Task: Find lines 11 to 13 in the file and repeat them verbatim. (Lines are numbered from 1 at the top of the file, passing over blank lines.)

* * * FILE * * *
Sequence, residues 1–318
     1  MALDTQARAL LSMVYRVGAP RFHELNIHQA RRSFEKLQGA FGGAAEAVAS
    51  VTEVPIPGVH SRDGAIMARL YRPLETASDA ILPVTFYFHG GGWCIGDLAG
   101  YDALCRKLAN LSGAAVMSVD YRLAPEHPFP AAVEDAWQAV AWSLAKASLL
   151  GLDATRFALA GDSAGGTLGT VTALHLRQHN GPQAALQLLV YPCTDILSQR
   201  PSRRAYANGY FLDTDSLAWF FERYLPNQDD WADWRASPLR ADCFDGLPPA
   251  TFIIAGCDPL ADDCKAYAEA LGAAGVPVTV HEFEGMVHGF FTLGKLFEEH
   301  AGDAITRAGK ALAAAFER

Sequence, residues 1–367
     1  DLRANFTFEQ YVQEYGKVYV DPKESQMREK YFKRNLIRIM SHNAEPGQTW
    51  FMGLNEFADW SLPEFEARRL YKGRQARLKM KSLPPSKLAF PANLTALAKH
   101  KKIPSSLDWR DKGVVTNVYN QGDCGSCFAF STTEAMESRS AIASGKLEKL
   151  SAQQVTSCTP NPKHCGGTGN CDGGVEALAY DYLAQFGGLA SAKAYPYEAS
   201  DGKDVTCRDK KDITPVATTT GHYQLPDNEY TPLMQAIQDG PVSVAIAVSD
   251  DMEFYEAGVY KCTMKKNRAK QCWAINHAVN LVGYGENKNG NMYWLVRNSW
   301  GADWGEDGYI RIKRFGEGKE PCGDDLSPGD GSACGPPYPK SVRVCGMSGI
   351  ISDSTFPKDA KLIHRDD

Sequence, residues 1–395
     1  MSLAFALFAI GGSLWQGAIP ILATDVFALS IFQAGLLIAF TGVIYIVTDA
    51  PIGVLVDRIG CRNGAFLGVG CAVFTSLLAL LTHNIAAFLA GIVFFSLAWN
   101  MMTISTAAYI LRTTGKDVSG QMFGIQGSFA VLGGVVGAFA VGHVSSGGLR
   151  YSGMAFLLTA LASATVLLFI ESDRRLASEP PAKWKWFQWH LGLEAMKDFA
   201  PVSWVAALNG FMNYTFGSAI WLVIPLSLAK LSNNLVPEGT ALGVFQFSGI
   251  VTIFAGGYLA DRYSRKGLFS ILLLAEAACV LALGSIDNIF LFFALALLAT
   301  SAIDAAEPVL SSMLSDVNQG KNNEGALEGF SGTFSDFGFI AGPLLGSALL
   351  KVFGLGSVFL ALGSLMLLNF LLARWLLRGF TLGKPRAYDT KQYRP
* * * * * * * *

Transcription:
    51  FMGLNEFADW SLPEFEARRL YKGRQARLKM KSLPPSKLAF PANLTALAKH
   101  KKIPSSLDWR DKGVVTNVYN QGDCGSCFAF STTEAMESRS AIASGKLEKL
   151  SAQQVTSCTP NPKHCGGTGN CDGGVEALAY DYLAQFGGLA SAKAYPYEAS